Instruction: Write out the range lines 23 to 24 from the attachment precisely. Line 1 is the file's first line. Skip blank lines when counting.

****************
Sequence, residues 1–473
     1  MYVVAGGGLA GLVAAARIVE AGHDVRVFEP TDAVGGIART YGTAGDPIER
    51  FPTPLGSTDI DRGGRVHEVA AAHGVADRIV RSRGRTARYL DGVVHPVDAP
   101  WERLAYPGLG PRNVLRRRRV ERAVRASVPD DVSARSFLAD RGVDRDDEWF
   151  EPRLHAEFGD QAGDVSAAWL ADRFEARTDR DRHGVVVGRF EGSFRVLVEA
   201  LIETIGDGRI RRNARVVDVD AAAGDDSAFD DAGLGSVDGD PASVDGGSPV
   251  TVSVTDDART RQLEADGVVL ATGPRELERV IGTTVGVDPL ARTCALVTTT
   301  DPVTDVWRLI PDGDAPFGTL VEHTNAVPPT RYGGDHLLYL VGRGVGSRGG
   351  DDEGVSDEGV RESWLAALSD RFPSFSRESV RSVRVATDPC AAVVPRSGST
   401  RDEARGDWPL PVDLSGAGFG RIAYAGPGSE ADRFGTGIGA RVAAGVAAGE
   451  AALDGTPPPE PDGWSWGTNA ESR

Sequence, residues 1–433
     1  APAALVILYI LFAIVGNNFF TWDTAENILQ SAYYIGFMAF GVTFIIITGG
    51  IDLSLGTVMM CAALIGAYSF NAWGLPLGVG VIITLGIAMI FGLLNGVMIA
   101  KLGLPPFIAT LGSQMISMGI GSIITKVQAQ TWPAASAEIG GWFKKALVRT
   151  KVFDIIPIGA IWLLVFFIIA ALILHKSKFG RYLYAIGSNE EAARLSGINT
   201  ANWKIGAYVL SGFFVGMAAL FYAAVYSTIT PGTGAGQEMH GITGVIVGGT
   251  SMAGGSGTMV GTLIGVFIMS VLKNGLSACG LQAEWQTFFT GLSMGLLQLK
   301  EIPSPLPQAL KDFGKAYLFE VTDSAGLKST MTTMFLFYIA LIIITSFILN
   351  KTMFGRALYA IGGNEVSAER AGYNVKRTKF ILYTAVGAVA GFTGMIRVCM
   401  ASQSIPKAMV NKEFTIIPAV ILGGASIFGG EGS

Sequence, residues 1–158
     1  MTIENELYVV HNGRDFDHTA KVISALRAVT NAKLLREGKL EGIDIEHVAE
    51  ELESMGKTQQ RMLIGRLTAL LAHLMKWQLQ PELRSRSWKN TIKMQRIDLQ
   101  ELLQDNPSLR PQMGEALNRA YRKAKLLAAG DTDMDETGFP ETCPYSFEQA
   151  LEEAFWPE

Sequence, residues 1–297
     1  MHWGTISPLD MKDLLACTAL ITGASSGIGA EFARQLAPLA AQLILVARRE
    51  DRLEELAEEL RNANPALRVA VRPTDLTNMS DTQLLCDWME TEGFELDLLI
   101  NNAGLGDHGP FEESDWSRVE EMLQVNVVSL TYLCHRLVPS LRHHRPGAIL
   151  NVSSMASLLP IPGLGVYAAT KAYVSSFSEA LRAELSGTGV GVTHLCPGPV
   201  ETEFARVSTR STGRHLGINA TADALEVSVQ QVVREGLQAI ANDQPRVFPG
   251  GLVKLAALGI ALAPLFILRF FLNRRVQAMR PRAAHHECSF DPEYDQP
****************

     1  MTIENELYVV HNGRDFDHTA KVISALRAVT NAKLLREGKL EGIDIEHVAE
    51  ELESMGKTQQ RMLIGRLTAL LAHLMKWQLQ PELRSRSWKN TIKMQRIDLQ